• Half marathon #5—My training was going really well until the last few weeks before the race. I broke a toe, so I wasn’t able to run for two weeks while that healed up. Then the Monday before the race, I had to be taken to the ER due to a severe bout of vertigo. I should have pulled out, but I decided to do it anyway even though I was still experiencing dizziness. It was grueling.
• Half marathon #6—Another case of a hamstring spasm in the last few miles.
My bigger goal was to actually feel good and enjoy the entire race, and to be able to function afterwards. This was much more important to me, and I would have gladly slowed down and held back and accepted a finish time of greater than three hours to feel decent at the end. And, I am thrilled that in addition to a 2 hour 50 minute finish time for the 2017 Med City Half Marathon (28 minutes faster than the last time I did this distance on this exact course in 2015, and an 18 minute personal best overall); I can truly say that I have never enjoyed a race experience more. I felt good the whole way, and I was still able to spend time with my family the rest of the day with minimal pain.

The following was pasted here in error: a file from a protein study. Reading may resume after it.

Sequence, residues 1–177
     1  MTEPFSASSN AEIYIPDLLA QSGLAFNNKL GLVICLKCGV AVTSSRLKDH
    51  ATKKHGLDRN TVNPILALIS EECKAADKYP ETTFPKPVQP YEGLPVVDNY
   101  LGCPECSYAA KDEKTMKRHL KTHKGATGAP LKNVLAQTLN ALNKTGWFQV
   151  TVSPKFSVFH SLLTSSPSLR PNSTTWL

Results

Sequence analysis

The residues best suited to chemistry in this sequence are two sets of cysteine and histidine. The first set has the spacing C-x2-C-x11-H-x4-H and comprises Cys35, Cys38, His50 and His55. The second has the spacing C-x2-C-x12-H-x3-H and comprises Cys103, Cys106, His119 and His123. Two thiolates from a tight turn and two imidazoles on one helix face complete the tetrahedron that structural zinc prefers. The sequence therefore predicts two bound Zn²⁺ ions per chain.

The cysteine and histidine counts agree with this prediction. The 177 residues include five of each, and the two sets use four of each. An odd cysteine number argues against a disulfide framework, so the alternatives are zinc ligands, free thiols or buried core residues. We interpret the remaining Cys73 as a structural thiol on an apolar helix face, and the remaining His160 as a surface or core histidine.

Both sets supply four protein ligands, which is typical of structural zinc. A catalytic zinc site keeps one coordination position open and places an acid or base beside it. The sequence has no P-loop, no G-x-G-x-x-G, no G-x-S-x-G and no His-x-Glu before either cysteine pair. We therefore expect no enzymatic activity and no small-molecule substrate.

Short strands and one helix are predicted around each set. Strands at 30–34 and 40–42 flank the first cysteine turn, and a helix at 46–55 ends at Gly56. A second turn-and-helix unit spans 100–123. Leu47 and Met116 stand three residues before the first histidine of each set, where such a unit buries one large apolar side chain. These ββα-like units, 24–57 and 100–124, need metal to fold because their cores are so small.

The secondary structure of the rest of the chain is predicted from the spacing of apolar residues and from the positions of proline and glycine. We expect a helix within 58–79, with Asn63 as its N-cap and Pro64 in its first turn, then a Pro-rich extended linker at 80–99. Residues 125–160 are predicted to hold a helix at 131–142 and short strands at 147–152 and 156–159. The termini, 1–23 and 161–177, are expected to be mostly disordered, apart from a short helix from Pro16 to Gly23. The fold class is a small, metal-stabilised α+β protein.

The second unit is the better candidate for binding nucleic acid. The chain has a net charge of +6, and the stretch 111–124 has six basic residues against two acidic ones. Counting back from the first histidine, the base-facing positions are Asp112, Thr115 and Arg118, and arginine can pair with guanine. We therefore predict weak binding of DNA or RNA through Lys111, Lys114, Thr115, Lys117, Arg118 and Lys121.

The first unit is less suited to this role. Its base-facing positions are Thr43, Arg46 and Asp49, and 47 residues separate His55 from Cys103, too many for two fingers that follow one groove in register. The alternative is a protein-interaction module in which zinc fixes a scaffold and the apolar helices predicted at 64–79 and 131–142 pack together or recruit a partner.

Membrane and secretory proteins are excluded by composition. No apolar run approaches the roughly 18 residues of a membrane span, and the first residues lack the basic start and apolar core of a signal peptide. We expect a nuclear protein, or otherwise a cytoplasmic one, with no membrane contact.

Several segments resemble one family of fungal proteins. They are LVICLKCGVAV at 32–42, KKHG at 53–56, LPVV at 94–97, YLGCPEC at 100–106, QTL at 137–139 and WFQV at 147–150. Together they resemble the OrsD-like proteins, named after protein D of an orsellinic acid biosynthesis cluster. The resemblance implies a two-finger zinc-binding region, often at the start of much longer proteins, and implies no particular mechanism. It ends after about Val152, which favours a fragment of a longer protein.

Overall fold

Now is the time I assess how I did. Could I have done better? Honestly, no. I do not regret one thing about this race nor the training leading up to it. So, what did I do right? I think it boils down to three things:
2. Consistency with running
3. Heart-rate Training